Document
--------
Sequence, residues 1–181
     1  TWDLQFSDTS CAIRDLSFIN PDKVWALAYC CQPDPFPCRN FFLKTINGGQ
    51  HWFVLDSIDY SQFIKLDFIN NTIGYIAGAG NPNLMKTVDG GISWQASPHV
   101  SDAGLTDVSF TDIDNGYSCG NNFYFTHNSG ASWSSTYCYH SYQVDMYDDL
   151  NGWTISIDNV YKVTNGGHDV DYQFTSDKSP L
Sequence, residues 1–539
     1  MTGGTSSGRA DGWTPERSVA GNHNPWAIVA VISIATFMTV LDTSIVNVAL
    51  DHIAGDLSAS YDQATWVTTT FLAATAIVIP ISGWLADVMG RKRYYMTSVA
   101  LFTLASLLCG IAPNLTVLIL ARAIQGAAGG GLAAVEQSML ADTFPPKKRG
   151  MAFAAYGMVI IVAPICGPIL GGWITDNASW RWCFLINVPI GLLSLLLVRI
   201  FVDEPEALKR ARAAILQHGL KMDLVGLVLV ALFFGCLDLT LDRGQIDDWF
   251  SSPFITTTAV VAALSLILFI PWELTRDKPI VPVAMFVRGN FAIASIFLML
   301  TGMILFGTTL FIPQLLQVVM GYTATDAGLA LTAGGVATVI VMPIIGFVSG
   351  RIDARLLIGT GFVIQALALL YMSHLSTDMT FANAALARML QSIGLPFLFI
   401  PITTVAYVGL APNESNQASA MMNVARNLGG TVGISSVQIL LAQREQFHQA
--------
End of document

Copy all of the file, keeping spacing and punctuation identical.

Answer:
Sequence, residues 1–181
     1  TWDLQFSDTS CAIRDLSFIN PDKVWALAYC CQPDPFPCRN FFLKTINGGQ
    51  HWFVLDSIDY SQFIKLDFIN NTIGYIAGAG NPNLMKTVDG GISWQASPHV
   101  SDAGLTDVSF TDIDNGYSCG NNFYFTHNSG ASWSSTYCYH SYQVDMYDDL
   151  NGWTISIDNV YKVTNGGHDV DYQFTSDKSP L
Sequence, residues 1–539
     1  MTGGTSSGRA DGWTPERSVA GNHNPWAIVA VISIATFMTV LDTSIVNVAL
    51  DHIAGDLSAS YDQATWVTTT FLAATAIVIP ISGWLADVMG RKRYYMTSVA
   101  LFTLASLLCG IAPNLTVLIL ARAIQGAAGG GLAAVEQSML ADTFPPKKRG
   151  MAFAAYGMVI IVAPICGPIL GGWITDNASW RWCFLINVPI GLLSLLLVRI
   201  FVDEPEALKR ARAAILQHGL KMDLVGLVLV ALFFGCLDLT LDRGQIDDWF
   251  SSPFITTTAV VAALSLILFI PWELTRDKPI VPVAMFVRGN FAIASIFLML
   301  TGMILFGTTL FIPQLLQVVM GYTATDAGLA LTAGGVATVI VMPIIGFVSG
   351  RIDARLLIGT GFVIQALALL YMSHLSTDMT FANAALARML QSIGLPFLFI
   401  PITTVAYVGL APNESNQASA MMNVARNLGG TVGISSVQIL LAQREQFHQA